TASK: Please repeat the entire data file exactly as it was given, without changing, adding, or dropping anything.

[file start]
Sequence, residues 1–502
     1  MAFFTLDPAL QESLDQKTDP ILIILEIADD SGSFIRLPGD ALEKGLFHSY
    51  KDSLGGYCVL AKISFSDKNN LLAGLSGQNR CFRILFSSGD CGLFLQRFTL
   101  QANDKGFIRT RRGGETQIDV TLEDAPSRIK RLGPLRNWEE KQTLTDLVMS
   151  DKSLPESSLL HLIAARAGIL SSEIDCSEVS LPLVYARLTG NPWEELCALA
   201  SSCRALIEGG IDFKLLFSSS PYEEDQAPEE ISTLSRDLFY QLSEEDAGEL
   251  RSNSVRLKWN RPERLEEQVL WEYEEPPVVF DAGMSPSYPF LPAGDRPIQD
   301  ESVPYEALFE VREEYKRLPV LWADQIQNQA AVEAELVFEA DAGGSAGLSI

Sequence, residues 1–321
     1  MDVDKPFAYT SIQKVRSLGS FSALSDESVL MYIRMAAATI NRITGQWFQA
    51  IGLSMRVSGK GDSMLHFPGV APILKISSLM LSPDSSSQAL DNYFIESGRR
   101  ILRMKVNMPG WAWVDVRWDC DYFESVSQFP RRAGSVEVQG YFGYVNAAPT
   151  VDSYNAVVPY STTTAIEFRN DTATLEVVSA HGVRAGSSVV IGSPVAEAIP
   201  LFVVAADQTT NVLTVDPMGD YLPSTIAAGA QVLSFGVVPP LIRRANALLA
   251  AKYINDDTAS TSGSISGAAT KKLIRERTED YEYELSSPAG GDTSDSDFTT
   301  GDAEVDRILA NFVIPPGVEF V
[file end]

Sequence, residues 1–502
     1  MAFFTLDPAL QESLDQKTDP ILIILEIADD SGSFIRLPGD ALEKGLFHSY
    51  KDSLGGYCVL AKISFSDKNN LLAGLSGQNR CFRILFSSGD CGLFLQRFTL
   101  QANDKGFIRT RRGGETQIDV TLEDAPSRIK RLGPLRNWEE KQTLTDLVMS
   151  DKSLPESSLL HLIAARAGIL SSEIDCSEVS LPLVYARLTG NPWEELCALA
   201  SSCRALIEGG IDFKLLFSSS PYEEDQAPEE ISTLSRDLFY QLSEEDAGEL
   251  RSNSVRLKWN RPERLEEQVL WEYEEPPVVF DAGMSPSYPF LPAGDRPIQD
   301  ESVPYEALFE VREEYKRLPV LWADQIQNQA AVEAELVFEA DAGGSAGLSI

Sequence, residues 1–321
     1  MDVDKPFAYT SIQKVRSLGS FSALSDESVL MYIRMAAATI NRITGQWFQA
    51  IGLSMRVSGK GDSMLHFPGV APILKISSLM LSPDSSSQAL DNYFIESGRR
   101  ILRMKVNMPG WAWVDVRWDC DYFESVSQFP RRAGSVEVQG YFGYVNAAPT
   151  VDSYNAVVPY STTTAIEFRN DTATLEVVSA HGVRAGSSVV IGSPVAEAIP
   201  LFVVAADQTT NVLTVDPMGD YLPSTIAAGA QVLSFGVVPP LIRRANALLA
   251  AKYINDDTAS TSGSISGAAT KKLIRERTED YEYELSSPAG GDTSDSDFTT
   301  GDAEVDRILA NFVIPPGVEF V